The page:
In­ter­na­tional watch maker Omega selects am­bas­sadors that em­body their val­ues, which are un­par­al­leled class, bold style and el­e­gant per­for­mance. Some of the am­bas­sadors in­clude star ath­letes, award- win­ning ac­tors, and suc­cess­ful en­trepreneurs such as ac­tors Ge­orge Clooney, Ni­cole Kid­man and swim­mer Michael Phelps.

Nike is known for fo­cus­ing on the great­ness of the ath­letes whom they ap­point as brand am­bas­sadors and in build­ing their im­age to sell prod­ucts. Af­ter ap­point­ing Michael Jor­dan as its brand am­bas­sador, Nike cre­ated a se­ries of Air Jor­dan brand of bas­ket­ball shoes which con­tinue to be a hit with fans to­day.

In­cor­po­rat­ing KOLS into the mar­ket­ing plan is not only mea­sur­able with an­a­lyt­ics tools and re­port­ing, but is also tar­geted, which is why it is im­por­tant to find the right in­di­vid­ual whose val­ues and ex­per­tise align with that of the brand and their tar­get mar­ket.

When se­lect­ing a KOL, fac­tors to con­sider in­clude ( a) num­ber and qual­ity of fol­low­ers, ( b) en­gage­ment and ( c) ex­per­tise.

While a large num­ber of fol­low­ers is im­pres­sive and can make KOLS infl uen­tial, it is im­por­tant to check their level of en­gage­ment and shar­ing as that can amplify the reach be­yond just the fol­low­ers. The abil­ity of the KOL to gen­er­ate vi­ral­ity is also im­por­tant as it al­lows brands to tap into new mar­ket seg­ments which they oth­er­wise may not have con­tact with.

As peo­ple turn to the in­ter­net for ad­vice, it is im­por­tant for brands to hire the right ex­pert in the fi eld who can build trust and cred­i­bil­ity and help drive aware­ness and sales. If the KOL is con­nected with and pas­sion­ate about the brand, it will res­onate in what they do and have a greater im­pact on the brand. One way to dis­cover a KOL is to track key­words and phrases as­so­ci­ated with your prod­uct or brand on­line and see who is talk­ing about you. They don’t have to be a big star or per­son­al­ity but could turn out to be your most trusted and loyal KOL.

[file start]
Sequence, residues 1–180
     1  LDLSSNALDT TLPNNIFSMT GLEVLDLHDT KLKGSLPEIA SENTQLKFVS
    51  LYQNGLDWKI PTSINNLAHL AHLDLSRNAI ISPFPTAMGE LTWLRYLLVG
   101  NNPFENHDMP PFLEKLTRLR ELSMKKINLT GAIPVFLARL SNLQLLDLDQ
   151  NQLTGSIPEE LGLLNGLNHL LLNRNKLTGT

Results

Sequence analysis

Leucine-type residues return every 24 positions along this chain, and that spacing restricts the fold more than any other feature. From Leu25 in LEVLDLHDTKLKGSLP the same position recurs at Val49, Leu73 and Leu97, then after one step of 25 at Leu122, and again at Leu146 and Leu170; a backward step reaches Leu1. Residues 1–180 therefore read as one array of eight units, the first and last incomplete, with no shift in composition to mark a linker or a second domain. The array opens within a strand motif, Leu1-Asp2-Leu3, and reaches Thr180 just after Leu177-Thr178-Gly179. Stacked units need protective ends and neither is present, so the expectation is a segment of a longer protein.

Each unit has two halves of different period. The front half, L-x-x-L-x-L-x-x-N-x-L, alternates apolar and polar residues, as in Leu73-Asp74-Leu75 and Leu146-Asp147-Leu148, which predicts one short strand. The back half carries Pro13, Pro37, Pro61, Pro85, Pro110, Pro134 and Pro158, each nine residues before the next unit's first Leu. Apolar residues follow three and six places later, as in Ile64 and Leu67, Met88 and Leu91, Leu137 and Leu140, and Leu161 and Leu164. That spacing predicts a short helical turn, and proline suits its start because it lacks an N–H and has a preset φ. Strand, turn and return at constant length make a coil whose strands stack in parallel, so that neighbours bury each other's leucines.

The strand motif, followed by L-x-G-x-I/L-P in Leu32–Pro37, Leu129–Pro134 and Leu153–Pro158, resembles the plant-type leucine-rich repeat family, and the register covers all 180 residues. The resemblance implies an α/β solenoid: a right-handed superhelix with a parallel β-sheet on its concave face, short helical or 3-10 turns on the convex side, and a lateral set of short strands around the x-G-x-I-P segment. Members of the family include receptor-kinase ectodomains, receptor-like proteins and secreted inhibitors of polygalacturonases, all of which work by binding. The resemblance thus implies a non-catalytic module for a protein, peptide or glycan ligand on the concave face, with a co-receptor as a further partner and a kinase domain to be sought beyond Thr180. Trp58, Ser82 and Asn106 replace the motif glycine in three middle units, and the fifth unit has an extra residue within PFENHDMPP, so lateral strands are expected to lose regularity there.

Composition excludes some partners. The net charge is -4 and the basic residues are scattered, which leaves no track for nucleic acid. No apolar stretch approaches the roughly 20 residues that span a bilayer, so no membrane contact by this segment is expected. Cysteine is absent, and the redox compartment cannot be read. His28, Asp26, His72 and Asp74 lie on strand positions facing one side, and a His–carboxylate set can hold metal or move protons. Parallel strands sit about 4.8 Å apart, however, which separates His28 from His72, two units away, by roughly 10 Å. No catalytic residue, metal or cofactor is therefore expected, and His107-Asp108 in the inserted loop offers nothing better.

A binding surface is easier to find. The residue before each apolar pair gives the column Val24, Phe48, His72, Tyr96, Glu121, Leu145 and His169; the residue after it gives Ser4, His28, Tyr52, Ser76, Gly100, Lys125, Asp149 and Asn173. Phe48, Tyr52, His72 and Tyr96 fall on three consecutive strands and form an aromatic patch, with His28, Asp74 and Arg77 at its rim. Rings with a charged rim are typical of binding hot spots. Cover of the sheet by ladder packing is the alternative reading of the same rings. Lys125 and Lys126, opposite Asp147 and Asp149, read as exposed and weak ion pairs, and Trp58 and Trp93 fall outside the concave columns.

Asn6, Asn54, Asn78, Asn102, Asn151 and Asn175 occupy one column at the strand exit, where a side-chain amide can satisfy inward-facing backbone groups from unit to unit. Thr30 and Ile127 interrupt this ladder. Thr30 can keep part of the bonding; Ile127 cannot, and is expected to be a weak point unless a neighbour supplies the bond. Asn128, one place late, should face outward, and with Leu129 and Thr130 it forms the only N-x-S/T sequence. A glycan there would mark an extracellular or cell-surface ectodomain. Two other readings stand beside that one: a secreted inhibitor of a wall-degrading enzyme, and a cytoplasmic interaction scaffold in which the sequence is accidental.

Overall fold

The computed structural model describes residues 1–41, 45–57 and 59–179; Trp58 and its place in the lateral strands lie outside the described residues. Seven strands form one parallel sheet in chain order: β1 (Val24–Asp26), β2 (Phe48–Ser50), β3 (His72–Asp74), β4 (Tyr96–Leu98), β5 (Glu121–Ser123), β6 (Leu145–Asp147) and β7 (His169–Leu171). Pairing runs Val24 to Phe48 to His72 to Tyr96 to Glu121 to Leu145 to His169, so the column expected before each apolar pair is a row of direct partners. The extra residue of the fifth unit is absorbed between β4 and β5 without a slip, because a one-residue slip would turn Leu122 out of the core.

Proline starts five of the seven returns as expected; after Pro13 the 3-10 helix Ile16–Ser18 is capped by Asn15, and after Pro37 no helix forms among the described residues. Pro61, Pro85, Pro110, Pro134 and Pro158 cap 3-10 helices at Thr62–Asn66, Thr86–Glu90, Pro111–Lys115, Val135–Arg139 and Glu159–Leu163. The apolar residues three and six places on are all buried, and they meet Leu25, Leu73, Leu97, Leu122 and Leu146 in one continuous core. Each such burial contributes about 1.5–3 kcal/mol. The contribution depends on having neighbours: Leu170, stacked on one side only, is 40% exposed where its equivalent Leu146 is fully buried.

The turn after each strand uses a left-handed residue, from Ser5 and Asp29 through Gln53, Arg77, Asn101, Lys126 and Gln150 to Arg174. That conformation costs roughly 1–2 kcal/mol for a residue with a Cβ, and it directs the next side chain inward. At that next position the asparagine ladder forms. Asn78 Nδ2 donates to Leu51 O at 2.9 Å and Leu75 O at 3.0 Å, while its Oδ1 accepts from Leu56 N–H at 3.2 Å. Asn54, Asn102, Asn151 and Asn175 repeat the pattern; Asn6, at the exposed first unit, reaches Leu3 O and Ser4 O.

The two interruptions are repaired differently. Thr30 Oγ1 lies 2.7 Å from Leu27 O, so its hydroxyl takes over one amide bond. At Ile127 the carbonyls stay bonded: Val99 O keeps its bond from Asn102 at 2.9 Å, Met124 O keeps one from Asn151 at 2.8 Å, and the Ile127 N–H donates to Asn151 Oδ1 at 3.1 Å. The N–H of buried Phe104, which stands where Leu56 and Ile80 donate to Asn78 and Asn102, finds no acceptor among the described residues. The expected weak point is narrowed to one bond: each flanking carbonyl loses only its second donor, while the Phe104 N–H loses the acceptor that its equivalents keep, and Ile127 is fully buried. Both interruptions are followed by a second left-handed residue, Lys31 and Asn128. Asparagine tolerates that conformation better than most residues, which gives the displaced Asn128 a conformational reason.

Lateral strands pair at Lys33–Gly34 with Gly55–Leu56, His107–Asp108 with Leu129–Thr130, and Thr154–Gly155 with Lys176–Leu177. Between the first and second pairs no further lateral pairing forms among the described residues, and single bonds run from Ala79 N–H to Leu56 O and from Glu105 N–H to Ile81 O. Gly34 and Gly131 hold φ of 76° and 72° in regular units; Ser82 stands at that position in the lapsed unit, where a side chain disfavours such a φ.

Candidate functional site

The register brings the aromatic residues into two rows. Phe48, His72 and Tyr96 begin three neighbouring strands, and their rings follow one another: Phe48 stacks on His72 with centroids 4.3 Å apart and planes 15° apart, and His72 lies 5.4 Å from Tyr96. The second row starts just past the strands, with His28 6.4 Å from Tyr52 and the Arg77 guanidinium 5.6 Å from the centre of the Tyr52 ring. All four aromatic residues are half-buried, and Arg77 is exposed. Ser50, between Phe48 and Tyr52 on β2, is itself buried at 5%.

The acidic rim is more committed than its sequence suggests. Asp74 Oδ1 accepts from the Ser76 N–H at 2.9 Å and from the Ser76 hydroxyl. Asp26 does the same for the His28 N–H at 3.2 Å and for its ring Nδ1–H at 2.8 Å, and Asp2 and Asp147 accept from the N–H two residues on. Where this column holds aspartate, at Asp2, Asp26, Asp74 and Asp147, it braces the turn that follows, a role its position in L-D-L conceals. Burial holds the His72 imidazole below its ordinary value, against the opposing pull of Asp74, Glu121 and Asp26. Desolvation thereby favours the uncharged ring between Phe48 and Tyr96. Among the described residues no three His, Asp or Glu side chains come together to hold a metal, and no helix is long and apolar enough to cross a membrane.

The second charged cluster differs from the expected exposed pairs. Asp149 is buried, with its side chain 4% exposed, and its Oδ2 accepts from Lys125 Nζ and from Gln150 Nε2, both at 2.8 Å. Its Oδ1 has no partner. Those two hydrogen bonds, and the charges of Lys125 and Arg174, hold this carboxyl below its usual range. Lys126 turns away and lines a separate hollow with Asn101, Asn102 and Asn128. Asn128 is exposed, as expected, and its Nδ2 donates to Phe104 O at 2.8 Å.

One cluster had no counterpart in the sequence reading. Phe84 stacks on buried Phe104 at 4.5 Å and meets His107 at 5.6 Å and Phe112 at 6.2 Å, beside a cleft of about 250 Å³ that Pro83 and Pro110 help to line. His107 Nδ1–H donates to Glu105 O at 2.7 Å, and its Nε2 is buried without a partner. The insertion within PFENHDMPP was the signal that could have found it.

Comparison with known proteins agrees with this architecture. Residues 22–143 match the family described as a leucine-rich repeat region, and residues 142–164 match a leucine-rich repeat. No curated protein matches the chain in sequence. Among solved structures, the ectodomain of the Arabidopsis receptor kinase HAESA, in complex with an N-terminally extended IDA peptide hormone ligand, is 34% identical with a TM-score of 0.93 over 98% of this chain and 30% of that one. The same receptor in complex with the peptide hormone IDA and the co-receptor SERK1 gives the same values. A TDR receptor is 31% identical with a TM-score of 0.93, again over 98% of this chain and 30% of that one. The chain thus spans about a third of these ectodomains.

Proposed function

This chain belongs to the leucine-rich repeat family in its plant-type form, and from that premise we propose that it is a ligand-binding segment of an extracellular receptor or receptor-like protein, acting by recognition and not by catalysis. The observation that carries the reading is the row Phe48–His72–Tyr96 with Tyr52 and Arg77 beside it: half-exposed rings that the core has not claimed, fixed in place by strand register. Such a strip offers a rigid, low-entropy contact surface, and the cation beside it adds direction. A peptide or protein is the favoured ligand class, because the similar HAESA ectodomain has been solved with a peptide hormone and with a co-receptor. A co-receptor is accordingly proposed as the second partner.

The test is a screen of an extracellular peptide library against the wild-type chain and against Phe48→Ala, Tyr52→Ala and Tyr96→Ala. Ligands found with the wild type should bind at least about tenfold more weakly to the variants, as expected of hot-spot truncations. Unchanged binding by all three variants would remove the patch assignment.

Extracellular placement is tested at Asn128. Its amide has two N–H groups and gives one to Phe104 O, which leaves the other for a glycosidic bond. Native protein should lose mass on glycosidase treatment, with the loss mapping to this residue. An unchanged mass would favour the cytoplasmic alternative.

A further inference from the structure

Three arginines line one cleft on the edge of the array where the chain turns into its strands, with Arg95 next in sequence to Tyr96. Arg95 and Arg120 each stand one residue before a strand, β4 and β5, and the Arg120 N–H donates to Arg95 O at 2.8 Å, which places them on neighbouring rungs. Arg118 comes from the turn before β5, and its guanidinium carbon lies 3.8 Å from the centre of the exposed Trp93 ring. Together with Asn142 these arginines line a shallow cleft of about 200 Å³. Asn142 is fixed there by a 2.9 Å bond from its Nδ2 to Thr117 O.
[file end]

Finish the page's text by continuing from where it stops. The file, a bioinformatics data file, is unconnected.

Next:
In Thai­land, TV stars and celebri­ties are of­ten ap­proached by brands to be­come KOLS. The pop­u­lar ones end up be­com­ing brand am­bas­sadors for mul­ti­ple prod­ucts, which raises the ques­tion of how au­then­tic and pas­sion­ate they are about the prod­ucts they rep­re­sent.

For in­stance, Thai su­per­star Ati­wara “Toon” Kong­malai of the band Bodyslam was once rep­re­sent­ing Pepsi, the M 150 en­ergy drink, and the milk prod­uct Dutch­mill, which was quite sur­pris­ing con­sid­er­ing his rock and roll per­son­al­ity.

Cos­met­ics, fash­ion and lux­ury are ar­eas where KOLS are very pop­u­lar and for which con­sumers are look­ing for ad­vice be­fore se­lect­ing the best items and style. Travel, hos­pi­tal­ity and cui­sine are also sec­tors that work with KOLS, such as travel and food bloggers, to en­cour­age peo­ple to travel to var­i­ous des­ti­na­tions or dine at var­i­ous restau­rants.

In Thai­land, trans­porta­tion app Uber em­ployed celebri­ties Woody and Paul Tay­lor as their KOLS. Sports per­son­al­i­ties, physicians, and en­trepreneurs are also used as KOLS for cer­tain brands. Em­ploy­ees and cus­tomers can also be used as KOLS in the form of brand evan­ge­lists through tes­ti­mo­ni­als. Happy em­ploy­ees can hu­man­ize a com­pany and pro­ject an im­age brands would like to be com­mu­ni­cated to the out­side world. If they have a blog or are ac­tive on so­cial me­dia, they may share their ex­pe­ri­ence. Even a tweet by a sat­isfi ed cus­tomer can have an in­cred­i­ble eff ect. Google em­ploy­ees reg­u­larly tweet and blog about their perks and fa­cil­i­ties, mak­ing it one of the most de­sired work­places.

KOLS are not lim­ited to just big brands and com­pa­nies with deep pock­ets. With some cre­ativ­ity, small busi­nesses can also in­cor­po­rate them into their mar­ket­ing plans.

If you think your busi­ness re­quires KOLS, con­tact Brand Now and we’ll help you cre­ate an eff ec­tive com­mu­ni­ca­tion cam­paign with KOLS.

Kit­tima Sethi is the co- founder of Brand Now. She can be con­tacted at kit­tima@ brand­now. asia.